While still working with innovators, start using radio, newspapers, television and any other means available to create awareness of the innovation among other farmers. In the case of the solar hog house, you can communicate details about the Experiment Station's results at first. Remember, getting additional information, thinking matters through and deciding normally takes farmers time. For example, it took five years in most cases between a farmer's first knowledge and first use of the idea of adopting hybrid corn in Iowa.

Supply details to expand discussion and interest
In the interest stage, farmers need to get more detailed information about what the innovation is, its likely consequences, what it will and will not do, how it will fit into their own plans, its cost, whether it is more useful than what they are already doing, its economic and social consequences — or in general those things that farmers want to know before accepting the innovation. When possible, they usually prefer to try a little first and more later, when that approach works.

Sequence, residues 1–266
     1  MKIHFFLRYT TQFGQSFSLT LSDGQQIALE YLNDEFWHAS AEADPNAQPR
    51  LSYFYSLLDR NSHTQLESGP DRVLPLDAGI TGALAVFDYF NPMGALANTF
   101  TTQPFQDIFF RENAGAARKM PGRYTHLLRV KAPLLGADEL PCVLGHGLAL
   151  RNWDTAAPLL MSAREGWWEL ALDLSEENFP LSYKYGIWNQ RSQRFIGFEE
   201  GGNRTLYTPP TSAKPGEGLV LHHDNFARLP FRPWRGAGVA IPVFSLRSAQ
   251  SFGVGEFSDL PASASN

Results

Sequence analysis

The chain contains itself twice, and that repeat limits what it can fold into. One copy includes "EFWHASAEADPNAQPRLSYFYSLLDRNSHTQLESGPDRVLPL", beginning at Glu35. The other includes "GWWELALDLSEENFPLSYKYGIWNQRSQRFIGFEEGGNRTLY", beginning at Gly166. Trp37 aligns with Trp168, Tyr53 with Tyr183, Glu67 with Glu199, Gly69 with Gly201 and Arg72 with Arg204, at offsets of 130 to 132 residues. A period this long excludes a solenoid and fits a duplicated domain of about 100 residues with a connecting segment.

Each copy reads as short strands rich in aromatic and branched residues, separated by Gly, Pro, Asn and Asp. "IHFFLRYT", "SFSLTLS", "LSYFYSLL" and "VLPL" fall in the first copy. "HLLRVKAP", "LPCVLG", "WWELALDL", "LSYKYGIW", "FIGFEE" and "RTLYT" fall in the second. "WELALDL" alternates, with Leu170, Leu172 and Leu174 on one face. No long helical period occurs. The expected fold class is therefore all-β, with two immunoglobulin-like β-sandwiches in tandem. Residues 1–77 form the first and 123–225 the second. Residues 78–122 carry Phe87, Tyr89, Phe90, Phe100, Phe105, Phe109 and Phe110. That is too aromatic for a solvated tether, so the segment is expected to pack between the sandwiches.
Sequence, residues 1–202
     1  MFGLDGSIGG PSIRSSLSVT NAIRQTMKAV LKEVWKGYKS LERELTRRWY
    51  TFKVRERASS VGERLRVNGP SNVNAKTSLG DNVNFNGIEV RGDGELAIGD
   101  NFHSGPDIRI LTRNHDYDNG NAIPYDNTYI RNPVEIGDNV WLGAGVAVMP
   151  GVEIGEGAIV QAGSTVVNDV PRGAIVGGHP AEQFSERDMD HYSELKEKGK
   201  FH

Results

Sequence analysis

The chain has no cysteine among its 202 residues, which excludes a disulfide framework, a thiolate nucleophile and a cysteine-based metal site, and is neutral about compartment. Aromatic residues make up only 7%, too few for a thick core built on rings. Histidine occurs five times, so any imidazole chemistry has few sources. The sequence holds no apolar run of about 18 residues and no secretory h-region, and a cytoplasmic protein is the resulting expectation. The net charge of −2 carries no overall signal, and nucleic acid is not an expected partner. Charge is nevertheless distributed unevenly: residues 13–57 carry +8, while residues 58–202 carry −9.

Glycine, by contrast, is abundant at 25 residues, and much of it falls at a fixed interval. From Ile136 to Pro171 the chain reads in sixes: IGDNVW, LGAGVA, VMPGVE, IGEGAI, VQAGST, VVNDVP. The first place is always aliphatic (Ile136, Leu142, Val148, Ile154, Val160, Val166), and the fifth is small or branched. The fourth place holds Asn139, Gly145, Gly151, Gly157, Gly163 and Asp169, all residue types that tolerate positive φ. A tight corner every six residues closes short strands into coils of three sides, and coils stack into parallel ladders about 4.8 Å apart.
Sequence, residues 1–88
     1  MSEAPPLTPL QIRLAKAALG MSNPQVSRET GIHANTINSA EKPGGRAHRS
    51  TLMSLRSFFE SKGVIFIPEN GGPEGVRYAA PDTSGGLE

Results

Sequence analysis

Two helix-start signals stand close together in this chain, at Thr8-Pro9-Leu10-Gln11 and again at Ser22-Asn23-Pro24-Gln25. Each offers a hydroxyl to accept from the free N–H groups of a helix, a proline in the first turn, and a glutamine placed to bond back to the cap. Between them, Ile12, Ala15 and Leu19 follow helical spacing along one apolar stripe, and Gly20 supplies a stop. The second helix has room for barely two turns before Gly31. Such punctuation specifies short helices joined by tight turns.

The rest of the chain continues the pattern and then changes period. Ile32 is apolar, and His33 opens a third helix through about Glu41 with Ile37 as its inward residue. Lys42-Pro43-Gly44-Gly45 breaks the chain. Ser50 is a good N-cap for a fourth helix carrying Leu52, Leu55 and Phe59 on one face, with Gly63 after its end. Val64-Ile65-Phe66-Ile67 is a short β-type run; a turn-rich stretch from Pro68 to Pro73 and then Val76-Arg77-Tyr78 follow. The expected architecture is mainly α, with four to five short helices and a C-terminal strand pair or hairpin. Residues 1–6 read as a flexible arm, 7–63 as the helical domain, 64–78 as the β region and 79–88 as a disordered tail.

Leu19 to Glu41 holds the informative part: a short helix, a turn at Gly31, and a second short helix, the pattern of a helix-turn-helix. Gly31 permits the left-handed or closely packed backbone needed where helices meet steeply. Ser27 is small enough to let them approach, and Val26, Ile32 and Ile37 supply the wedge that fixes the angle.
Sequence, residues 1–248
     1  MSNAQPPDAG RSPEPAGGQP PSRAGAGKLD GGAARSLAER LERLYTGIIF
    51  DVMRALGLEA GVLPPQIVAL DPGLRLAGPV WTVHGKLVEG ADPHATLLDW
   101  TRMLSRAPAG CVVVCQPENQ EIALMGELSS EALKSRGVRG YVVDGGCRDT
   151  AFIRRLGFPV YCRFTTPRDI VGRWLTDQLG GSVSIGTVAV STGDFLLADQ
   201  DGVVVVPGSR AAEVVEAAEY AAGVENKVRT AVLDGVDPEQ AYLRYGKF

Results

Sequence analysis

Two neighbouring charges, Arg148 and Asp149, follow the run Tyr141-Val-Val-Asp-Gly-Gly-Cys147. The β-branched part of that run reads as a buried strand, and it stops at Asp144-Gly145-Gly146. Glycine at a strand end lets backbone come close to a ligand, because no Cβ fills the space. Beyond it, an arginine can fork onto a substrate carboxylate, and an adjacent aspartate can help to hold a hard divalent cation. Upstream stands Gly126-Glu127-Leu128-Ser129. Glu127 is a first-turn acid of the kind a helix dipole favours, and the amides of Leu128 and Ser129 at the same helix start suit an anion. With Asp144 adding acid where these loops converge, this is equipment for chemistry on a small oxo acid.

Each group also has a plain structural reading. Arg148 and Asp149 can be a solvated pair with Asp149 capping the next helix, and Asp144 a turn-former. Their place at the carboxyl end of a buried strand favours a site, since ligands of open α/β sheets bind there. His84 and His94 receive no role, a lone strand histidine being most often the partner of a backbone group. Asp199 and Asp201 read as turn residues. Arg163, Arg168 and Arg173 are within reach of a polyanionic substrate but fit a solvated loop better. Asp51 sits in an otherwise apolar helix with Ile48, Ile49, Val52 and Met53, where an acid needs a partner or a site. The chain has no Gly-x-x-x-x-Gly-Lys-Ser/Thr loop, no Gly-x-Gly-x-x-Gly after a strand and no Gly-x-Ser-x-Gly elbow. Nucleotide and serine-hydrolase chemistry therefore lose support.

Radio broadcasts, personal conversation and newspaper articles can be used to provide additional information. Potential adopters should be pointed in the direction of their local MU Extension center and Extension publications (which can be read and reread, as needed). Tell the farmers where they can get this additional information.

The farm talk processes should be facilitated. The mass media may be used to keep solar hog houses on the talk agenda. Talks can be given and farmers can be encouraged to discuss the solar heating systems at meetings. Radio broadcasts and newspaper articles can communicate "what farmers are saying about solar hog houses": maybe some successful users can be enlisted as guests on radio programs.

Facilitate talk with successful users at evaluation stage
At the evaluation stage, farmers have to decide whether solar heating of hog houses is a good thing. They have to evaluate the information they have collected in light of their own personal situation. Most of all, they will be looking for local trial information and the advice of other farmers they trust. It will be helpful at this stage to do whatever can be done to get information about local trial and local results circulated and talked about. Tours to farms, where these units are in use, and meetings, where successful users are present to talk to other farmers, will help. It's important that potential adopters have plenty of opportunity to ask questions in non-threatening situations.